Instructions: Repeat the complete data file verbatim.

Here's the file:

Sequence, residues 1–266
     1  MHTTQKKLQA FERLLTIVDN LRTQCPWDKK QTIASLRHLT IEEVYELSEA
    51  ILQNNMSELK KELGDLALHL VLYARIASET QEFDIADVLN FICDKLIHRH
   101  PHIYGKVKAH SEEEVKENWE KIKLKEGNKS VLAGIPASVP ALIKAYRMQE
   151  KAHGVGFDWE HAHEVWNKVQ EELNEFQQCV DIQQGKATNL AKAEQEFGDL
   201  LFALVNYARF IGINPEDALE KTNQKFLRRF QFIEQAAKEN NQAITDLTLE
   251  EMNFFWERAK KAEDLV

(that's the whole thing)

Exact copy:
Sequence, residues 1–266
     1  MHTTQKKLQA FERLLTIVDN LRTQCPWDKK QTIASLRHLT IEEVYELSEA
    51  ILQNNMSELK KELGDLALHL VLYARIASET QEFDIADVLN FICDKLIHRH
   101  PHIYGKVKAH SEEEVKENWE KIKLKEGNKS VLAGIPASVP ALIKAYRMQE
   151  KAHGVGFDWE HAHEVWNKVQ EELNEFQQCV DIQQGKATNL AKAEQEFGDL
   201  LFALVNYARF IGINPEDALE KTNQKFLRRF QFIEQAAKEN NQAITDLTLE
   251  EMNFFWERAK KAEDLV